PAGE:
The abuse and trauma Talusan suffers as a child affects all her relationships, her mental health, and her relationship with her own body. Later, she learns that her family history is threaded with violence and abuse. And she discovers another devastating family thread: cancer. In her thirties, Talusan must decide whether to undergo preventive surgeries to remove her breasts and ovaries. Despite all this, she finds love, and success as a teacher. On a fellowship, Talusan and her husband return to the Philippines, where she revisits her family's ancestral home and tries to reclaim a lost piece of herself.

Not every family legacy is destructive. From her parents, Talusan has learned to tell stories in order to continue. The generosity of spirit and literary acuity of this debut memoir are a testament to her determination and resilience. In excavating such abuse and trauma, and supplementing her story with government documents, medical records, and family photos, Talusan gives voice to unspeakable experience, and shines a light of hope into the darkness.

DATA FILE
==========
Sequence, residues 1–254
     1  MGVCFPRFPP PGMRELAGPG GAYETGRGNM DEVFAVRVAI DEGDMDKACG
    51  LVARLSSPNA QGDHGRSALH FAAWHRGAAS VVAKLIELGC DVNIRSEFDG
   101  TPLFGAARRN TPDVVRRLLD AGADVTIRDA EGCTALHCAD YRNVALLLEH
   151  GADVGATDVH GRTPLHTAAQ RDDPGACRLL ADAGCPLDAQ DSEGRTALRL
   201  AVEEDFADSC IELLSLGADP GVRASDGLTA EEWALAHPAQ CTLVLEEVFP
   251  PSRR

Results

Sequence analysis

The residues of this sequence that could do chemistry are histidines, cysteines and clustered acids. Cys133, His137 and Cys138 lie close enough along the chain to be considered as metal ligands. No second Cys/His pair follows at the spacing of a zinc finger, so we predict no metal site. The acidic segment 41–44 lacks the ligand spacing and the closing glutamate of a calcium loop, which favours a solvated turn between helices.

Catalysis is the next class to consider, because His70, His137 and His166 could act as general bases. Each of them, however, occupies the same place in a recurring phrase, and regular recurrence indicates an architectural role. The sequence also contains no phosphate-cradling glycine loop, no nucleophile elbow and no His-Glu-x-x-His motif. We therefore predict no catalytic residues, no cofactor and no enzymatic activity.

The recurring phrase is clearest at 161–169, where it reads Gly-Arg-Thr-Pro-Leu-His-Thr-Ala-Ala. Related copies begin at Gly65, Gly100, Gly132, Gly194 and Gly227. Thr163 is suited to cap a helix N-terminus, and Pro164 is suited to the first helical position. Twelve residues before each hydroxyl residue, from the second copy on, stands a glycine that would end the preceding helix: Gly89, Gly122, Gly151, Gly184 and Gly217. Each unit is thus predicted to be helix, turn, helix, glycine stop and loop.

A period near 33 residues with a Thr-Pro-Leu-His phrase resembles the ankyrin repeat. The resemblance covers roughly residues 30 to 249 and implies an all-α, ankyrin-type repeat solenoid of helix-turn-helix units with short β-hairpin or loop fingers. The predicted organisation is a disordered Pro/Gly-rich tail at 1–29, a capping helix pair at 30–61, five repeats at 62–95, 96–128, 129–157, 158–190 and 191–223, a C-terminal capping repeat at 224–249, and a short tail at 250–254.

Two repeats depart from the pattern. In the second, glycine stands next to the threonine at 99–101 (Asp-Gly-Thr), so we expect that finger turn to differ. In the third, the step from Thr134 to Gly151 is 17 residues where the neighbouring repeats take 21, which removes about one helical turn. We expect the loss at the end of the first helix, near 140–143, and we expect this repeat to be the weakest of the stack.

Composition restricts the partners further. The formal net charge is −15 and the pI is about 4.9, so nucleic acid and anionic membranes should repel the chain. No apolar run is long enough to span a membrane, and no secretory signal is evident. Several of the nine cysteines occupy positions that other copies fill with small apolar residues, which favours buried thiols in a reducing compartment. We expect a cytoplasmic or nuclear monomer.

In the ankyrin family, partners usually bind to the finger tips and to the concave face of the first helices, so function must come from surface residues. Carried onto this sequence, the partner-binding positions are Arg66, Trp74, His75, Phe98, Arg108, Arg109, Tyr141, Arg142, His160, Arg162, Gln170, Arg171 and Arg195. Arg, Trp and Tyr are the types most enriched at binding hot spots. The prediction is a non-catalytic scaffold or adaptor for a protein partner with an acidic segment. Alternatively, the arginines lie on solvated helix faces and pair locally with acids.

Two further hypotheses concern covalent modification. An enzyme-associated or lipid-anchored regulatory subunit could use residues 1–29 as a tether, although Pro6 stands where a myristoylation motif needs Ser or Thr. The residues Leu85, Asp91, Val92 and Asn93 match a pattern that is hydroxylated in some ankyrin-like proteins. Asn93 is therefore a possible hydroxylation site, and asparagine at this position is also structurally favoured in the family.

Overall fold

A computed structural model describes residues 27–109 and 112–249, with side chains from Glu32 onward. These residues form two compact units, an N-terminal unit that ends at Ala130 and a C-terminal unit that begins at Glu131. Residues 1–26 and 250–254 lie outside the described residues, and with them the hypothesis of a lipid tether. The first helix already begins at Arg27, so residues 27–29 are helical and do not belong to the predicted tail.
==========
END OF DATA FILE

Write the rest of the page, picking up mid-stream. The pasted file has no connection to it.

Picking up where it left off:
Talusan is in conversation with Noel Alumit, author of novels Letters to Montgomery Clift and Talking to the Moon.

Sehba Sarwar, “BLACK WINGS”

Posted in literature, skylight books, book stores, books, fiction, novels by skylightbooks on May 15th, 2019

Spanning two continents, Sehba Sarwar's Black Wings is the story of Laila and Yasmeen, a mother and daughter, struggling to meet across the generations, cultures, and secrets that separate them. Their shared grief, as well as the common bond of unhappiness in their marriages, allows them to reconnect after seventeen years of frustration, anger and misunderstandings.